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Chapter 11. The Name Game—Understanding ... > Getting to Know the Major Investment... - Pg. 111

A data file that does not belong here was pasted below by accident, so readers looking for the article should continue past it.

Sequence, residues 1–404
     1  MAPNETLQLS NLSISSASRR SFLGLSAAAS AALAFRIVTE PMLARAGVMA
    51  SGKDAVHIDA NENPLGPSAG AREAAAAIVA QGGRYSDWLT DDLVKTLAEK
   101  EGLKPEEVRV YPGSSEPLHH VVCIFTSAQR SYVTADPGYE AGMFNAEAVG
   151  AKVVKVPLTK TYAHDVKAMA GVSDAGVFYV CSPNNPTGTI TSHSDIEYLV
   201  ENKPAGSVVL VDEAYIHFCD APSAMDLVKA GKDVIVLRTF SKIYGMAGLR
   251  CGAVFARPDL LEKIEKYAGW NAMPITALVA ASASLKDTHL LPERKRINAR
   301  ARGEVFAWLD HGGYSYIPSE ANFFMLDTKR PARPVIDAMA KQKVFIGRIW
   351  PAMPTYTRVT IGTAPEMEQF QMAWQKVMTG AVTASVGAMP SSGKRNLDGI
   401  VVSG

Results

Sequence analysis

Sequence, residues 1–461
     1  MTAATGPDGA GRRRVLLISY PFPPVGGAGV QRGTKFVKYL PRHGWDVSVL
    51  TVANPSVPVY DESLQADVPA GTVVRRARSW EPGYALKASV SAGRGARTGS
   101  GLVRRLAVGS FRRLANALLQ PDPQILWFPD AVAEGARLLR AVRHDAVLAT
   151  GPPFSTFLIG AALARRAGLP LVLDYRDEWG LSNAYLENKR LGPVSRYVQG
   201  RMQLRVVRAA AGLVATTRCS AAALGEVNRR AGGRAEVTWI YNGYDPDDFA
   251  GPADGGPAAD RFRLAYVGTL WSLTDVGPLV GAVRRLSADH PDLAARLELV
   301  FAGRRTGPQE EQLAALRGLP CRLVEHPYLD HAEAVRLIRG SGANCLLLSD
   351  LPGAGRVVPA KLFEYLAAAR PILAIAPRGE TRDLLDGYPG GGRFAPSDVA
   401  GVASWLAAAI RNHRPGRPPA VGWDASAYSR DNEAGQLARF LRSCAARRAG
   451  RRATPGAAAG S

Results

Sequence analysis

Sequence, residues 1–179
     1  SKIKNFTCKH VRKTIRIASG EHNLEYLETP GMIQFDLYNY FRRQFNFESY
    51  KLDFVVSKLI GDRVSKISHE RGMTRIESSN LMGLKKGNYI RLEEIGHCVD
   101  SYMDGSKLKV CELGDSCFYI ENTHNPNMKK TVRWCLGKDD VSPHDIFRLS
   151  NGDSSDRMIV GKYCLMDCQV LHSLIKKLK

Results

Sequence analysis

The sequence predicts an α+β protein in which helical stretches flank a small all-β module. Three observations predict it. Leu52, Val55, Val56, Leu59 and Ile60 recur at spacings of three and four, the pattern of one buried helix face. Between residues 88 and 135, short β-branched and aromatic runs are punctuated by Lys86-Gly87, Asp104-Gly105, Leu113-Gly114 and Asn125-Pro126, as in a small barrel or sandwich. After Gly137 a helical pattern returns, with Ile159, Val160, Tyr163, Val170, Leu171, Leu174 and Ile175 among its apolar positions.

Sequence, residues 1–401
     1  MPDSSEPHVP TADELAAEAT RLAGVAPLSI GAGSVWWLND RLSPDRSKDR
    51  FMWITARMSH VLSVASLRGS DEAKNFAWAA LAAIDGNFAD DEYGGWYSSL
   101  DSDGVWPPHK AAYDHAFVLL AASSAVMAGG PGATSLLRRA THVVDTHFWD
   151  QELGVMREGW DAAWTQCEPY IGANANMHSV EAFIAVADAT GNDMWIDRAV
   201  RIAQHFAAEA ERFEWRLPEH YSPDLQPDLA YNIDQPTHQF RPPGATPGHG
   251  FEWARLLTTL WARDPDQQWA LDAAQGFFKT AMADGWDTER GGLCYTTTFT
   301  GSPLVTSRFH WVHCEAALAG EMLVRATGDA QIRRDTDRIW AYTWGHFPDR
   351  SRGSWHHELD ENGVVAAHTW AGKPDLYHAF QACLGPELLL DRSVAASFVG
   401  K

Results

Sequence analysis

The Name Game--Understanding the Different Types of Mutual Funds 111 A balanced fund tries to balance the objectives of income and growth. The managers of these funds attempt to accomplish this balance by investing in a relatively fixed combination of bonds and stocks. Most balanced funds hold 40­60 percent bonds, 40­60 percent stocks, and the remainder in cash in their portfolios. A typical neutral position for a balanced fund is 50 percent stocks, 45 percent bonds, and 5 percent cash. If the fund has more than 5 percent cash equivalents, it's generally waiting for a buying opportunity. The important thing to remember about balanced funds is that their mix of stocks and bonds stays relatively fixed over time. An asset allocation fund is similar to a balanced fund because it seeks to maximize growth and income for its shareholders. The difference is in how the fund goes about achieving its goal. The asset allocation fund manager is trying to figure out the "optimal" percentage of money to put in stocks, bonds, or cash. While the balanced manager keeps the percentages invested in stocks and bonds pretty much fixed, the asset allocation manager will move in and out of stocks, bonds, and cash based upon market conditions. Terms to Know The term asset allocation confuses some people. Most of us can consider the terms investment,asset,capi- tal , and money to be the same. All asset allocation means is how much of your money should be in cash, how